1. I can relate with you as I currently help people where I am employed choose the right plant for their landscape and they seem to want the impossible in a plant.Have even had some get angry because the plants they have in their yards have grown too much and my first thought is ‘Yep,plants are supposed to grow and a little research earlier may have helped’ ,but yes I am rambling on but the weepers are beautiful.I have a cedrus atlantica serpentine’Pendula from Iseli Nursery that has been trained for 6 years to become a living archway over a wide path and it is slowly getting er’ done and is beautiful.Really enjoy your blogs!


  2. I became a Richard Bach with Jonathan Livingston Seagull so I really enjoyed your quote. I also find I am always looking for information on using confers to improve the contrast and to use as focal points in my landscape through all four seasons so I really appreciate your informative posts.


  3. Hi Ed… some time ago you told me of Iseli’s crosses between Japanese and Korean maples… Well, I finally picked up a seven foot ‘Northwind’ yesterday and I know this is going to be an affair of the heart! What a beautiful plant and I really like all the red highlights in the foliage! I’m very excited to see its fall color (in due time that is)… so thanks much for the heads up.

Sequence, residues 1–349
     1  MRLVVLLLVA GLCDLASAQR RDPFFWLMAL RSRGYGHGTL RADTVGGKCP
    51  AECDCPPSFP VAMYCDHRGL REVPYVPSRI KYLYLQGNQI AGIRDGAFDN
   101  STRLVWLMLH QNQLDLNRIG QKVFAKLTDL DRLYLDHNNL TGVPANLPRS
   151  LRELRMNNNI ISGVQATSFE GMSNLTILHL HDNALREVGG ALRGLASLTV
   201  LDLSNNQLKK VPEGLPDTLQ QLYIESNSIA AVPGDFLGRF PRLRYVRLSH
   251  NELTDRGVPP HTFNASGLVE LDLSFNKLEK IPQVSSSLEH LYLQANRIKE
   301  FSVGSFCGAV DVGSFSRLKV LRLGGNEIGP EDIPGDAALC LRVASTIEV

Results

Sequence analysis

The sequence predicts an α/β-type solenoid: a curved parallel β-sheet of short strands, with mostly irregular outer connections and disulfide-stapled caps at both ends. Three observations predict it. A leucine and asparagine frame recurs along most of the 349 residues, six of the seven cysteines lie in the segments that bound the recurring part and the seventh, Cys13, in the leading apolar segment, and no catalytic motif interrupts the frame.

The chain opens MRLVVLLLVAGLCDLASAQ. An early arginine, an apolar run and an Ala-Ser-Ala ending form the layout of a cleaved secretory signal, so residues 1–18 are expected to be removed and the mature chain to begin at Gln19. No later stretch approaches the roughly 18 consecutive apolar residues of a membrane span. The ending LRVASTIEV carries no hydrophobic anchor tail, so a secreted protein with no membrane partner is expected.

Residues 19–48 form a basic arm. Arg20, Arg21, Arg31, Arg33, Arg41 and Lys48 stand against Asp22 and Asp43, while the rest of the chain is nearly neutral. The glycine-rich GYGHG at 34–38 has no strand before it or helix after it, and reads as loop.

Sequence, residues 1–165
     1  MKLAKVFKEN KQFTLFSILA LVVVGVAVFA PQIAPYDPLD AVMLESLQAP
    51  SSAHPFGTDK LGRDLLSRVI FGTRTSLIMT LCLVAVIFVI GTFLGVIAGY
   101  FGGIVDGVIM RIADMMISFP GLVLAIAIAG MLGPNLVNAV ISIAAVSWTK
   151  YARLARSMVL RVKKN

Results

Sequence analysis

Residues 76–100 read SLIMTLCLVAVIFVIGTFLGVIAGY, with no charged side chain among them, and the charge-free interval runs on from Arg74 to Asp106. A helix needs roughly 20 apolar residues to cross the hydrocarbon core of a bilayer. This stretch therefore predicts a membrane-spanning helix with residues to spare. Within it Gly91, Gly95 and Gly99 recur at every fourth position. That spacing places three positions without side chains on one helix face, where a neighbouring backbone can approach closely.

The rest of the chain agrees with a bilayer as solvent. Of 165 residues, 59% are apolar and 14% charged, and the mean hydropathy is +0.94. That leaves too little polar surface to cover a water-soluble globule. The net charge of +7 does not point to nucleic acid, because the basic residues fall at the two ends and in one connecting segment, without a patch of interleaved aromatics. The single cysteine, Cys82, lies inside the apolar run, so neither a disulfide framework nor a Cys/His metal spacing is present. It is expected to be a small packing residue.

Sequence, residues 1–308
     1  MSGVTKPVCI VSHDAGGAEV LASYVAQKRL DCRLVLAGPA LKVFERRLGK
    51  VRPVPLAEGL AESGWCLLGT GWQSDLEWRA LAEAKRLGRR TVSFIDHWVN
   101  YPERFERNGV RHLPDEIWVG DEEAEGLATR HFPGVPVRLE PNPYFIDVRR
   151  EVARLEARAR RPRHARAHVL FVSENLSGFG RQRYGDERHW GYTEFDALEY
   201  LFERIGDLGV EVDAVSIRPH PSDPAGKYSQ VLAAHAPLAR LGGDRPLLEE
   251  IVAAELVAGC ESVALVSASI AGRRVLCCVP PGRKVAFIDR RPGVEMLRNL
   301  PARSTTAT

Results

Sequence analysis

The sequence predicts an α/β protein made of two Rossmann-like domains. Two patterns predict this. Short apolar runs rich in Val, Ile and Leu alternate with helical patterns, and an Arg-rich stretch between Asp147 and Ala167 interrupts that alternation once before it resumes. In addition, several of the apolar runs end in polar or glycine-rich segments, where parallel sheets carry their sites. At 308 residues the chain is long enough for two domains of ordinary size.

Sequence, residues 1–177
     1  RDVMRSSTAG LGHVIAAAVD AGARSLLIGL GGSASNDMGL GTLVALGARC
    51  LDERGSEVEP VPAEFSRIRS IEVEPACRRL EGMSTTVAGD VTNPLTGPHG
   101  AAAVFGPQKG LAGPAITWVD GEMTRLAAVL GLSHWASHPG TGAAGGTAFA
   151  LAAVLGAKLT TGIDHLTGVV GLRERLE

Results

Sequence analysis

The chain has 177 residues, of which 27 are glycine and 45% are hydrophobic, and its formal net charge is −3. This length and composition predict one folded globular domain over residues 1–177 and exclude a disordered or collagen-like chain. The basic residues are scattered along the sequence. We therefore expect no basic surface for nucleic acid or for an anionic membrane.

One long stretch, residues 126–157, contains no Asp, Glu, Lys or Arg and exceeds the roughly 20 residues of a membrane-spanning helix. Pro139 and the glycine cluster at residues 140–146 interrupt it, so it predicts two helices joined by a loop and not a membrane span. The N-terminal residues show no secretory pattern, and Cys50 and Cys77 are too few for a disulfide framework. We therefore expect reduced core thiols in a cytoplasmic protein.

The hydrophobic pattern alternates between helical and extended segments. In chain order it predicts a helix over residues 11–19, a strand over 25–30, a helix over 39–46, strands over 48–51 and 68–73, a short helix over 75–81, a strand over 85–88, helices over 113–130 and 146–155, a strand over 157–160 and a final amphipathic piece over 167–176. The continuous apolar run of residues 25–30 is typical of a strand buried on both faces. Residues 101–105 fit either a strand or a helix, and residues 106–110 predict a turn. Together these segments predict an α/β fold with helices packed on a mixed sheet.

Now… A couple questions… My Picea abies ‘Pusch’ made absolutely no cones this year… thoughts?
    Also my ‘Daisy White’ Alberta Spruce’s new foliage was totally green from the onset of new growth this season. Just wondering if you have any ideas why these things might have occurred this particular season?

    I continue to totally enjoy your posts and am constantly acquiring more conifers as eventually they will be the main thrust of these gardens.

    Thanks, Larry


    1. Hi Larry – Great to hear from you. Very exciting news about your ‘Northwind’ find! From what I understand, there is more to come in this program.

      I am very surprised that your ‘Pusch’ has no new cones this year. I have seen “regular” plants have heavy cone years and light, to no cone years, but I haven’t yet seen it happen with ‘Pusch’. Did yours have a particularly heavy cone year last year or the past couple years? Perhaps it needs a season of rest. The non-white spring push of Daisy White is sure a mystery though. What is its growing environment?


  4. Hi Ed… both have been in place in a rock garden for a couple of years… the soil is excellent rich loam which I know is uncommon for a rock garden situation… also both are surrounded by rocks at root level and above, but there is plenty of room for root development and both look extremely healthy… I can understand Pusch needing to perhaps settle in for awhile… then again… I don’t always trust labels! The first year I had Daisy White, the color was wonderful… it looks wonderfully healthy as I said… both are in full sun. Thanks for any ideas you may come up with… Larry